Muir-Torre Found in Many Lynch Syndrome Families
Research suggests that seldom-reported Muir-Torre syndrome is variant of Lynch syndrome
WEDNESDAY, Feb. 13 (HealthDay News) -- Research to examine the frequency of skin tumors related to Muir-Torre syndrome among families with Lynch syndrome suggests that Muir-Torre syndrome is a variant of Lynch syndrome, according to a report published in the Feb. 20 issue of the Journal of the National Cancer Institute.
Christopher D. South, M.D., of Ohio State University-Columbus, and colleagues analyzed data from patients with colorectal or endometrial adenocarcinoma who were confirmed through molecular testing for the presence of a germline mutation in an MMR gene to have Lynch syndrome. The subjects were asked about personal and family history of sebaceous gland tumors and keratoacanthomas, and at-risk family members were referred for genetic counseling and testing for Lynch syndrome when appropriate.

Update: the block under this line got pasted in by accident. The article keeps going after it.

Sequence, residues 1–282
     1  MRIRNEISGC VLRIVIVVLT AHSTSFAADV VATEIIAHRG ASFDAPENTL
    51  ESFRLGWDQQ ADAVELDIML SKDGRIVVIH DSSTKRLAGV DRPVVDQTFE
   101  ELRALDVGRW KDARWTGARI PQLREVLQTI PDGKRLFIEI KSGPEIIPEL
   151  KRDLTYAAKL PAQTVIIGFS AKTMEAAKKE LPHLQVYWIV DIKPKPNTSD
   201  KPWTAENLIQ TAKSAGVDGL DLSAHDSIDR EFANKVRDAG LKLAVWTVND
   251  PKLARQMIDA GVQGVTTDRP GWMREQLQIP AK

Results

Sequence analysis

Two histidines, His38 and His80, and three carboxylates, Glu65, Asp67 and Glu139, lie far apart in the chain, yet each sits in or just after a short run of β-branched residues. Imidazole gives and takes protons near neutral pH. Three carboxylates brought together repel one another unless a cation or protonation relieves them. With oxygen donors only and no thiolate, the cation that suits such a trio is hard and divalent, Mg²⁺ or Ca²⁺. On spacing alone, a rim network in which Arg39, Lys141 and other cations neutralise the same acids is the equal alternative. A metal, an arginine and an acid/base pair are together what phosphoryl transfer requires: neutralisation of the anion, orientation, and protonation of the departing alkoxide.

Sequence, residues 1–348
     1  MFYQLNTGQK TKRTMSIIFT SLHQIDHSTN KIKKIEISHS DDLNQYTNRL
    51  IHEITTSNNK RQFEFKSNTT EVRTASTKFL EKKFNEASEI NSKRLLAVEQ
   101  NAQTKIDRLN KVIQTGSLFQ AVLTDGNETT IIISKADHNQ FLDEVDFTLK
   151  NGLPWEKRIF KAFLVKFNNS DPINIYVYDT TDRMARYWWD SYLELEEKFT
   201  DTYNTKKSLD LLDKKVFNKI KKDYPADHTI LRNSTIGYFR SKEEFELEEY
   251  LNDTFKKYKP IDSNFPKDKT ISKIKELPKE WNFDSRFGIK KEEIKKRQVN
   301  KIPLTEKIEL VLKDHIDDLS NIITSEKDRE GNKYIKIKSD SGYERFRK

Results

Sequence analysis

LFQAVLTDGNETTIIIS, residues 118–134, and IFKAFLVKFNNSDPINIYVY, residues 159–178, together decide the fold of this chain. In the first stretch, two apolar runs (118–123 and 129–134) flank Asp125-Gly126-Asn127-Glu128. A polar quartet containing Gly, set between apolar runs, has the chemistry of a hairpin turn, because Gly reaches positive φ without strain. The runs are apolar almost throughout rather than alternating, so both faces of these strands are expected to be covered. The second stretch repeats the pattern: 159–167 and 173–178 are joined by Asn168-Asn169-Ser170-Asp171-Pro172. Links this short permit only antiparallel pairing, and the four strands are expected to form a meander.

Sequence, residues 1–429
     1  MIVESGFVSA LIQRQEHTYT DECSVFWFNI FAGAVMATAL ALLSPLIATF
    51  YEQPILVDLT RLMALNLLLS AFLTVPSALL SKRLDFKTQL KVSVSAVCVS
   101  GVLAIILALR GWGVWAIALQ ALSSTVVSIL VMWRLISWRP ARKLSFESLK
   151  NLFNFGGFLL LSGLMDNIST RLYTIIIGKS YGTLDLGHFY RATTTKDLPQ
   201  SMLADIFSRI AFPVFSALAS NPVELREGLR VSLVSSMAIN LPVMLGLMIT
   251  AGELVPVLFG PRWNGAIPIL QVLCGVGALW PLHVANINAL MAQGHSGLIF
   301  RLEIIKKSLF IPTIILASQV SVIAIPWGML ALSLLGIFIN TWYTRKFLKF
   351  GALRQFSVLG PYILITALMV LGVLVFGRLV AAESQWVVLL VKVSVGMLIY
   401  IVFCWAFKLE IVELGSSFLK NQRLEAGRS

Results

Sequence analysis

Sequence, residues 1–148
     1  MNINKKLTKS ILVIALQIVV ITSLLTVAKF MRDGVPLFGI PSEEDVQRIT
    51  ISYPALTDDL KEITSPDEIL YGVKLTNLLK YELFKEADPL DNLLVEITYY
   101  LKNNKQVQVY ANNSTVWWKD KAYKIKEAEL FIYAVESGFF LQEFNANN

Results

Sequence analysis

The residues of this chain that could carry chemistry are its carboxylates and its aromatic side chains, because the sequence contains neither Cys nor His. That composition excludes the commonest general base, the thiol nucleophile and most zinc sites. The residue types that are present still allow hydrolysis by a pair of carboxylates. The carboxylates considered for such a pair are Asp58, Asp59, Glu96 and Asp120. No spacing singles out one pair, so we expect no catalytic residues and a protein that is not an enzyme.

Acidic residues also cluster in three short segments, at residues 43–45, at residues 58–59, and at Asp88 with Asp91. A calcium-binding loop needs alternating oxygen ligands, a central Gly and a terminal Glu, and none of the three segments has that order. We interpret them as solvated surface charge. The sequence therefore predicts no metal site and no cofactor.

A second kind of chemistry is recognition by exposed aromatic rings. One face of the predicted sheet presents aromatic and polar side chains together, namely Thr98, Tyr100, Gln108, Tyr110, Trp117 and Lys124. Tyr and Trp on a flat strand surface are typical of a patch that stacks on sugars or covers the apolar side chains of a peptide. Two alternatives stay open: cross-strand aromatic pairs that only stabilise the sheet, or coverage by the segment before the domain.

Muir-Torre was found in 9.2 percent of 152 individuals with Lynch syndrome, and in 28 percent of 50 Lynch syndrome families. Seventy-five percent of families with the c.942+3A>T MSH2 gene mutation had Muir-Torre syndrome compared to 25 percent of families who carried other mutations in the MSH2 gene.
"We propose that Muir-Torre syndrome-associated skin lesions be included as a component tumor of the Lynch syndrome and screened for accordingly," the authors write. "Given the high frequency of Muir-Torre syndrome-associated skin lesions among Lynch syndrome patients, an annual dermatologic examination is a reasonable strategy for the detection of these lesions and would provide an opportunity to discuss risk factor modification, such as minimizing sun exposure."